Consistency, Not Intensity Best For Brain-Boosting


I've repeatedly reported how exercising can enhance physical heath. Today I'd like to present research that indicates that exercise can provide benefits for a different form of health mental health.

I recently received a copy of an article taken from the December 2000 Los Angeles County Sheriff's Department Star News. The article details research conducted by Dr. William Morgan, director of the Sport Psychology Laboratory and a professor at the University of Wisconsin at Madison.

During his research, Dr. Morgan found that even small amounts of exercise can lower levels of depression and anxiety, and that low- or moderate-intensity activity seems as good as high-intensity exercise when it comes to enhancing mental and emotional health.

In addition, other evidence suggests that exercise, which increases blood flow to the brain, helps us maintain our cognitive thought abilities. This extra blood flow causes more neuron connections to take place, and those connections help us use our brains better. "Many studies have reported that physically active elderly people perform better than their sedentary counterparts on cognitive tasks such as reasoning, vocabulary, memory, and reaction time. The studies also suggest that to benefit from the long-term mental clarity that exercise can provide, a person needs to engage in physical activity on a long-term basis," the author of the article, Ann Marie Donnelly, wrote.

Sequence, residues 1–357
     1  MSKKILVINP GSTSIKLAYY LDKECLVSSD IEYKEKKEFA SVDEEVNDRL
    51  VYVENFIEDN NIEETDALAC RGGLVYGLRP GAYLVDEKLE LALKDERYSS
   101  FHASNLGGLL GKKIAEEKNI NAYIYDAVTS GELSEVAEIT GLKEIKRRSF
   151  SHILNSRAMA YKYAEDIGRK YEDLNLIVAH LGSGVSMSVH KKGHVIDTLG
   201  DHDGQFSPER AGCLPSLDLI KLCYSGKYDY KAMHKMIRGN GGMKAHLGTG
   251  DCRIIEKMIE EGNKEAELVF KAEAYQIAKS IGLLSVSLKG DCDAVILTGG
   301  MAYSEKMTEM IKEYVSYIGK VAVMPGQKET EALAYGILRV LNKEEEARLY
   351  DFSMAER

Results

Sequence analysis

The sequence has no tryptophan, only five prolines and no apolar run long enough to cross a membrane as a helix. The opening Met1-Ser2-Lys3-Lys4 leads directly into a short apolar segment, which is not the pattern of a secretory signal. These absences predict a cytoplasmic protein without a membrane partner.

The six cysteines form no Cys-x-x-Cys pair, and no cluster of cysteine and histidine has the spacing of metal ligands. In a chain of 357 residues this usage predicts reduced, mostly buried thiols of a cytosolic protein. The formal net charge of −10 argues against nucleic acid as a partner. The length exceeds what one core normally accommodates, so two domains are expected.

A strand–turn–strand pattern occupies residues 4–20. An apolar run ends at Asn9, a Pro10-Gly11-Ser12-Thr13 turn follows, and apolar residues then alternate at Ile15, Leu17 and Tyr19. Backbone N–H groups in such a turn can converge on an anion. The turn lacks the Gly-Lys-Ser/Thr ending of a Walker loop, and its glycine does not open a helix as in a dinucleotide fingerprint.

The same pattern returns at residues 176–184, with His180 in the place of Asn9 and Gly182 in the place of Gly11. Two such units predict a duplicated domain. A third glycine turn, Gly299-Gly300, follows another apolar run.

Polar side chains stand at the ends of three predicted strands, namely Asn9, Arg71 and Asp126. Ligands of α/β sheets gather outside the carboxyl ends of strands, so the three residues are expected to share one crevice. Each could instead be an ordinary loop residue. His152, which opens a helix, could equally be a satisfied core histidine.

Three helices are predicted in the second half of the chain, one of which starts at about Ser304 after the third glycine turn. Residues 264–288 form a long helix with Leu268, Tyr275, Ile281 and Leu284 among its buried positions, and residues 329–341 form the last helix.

It also has been shown that leisure activity, even when it does not involve aerobic activity, can be beneficial in improving our moods and decreasing our levels of anxiety. Taking a break from our daily responsibilities can help distract us from the things that often cause anxiety. This "time off" allows our brains to rest much like the rest we take between sets when we exercise and tends to keep anxiety from building, allowing us to return to tasks with new vigor and energy.

When it comes to mental health, Dr. Morgan said, it appears that it's not the length or intensity of our workouts that creates the cognitive benefits, but the consistency of our physical activity.

So if you find yourself getting frustrated because life is getting in the way of your planned exercise routine, don't be too hard on yourself. Remember even a modest level of exercise is still beneficial.

Go for a walk or spend some time doing something fun. Reaping the benefits of exercise doesn't necessarily take a lot of effort. Even a little bit of activity can make a big difference, and I think you will find yourself enjoying life a lot more.

Commenting has been disabled for this item.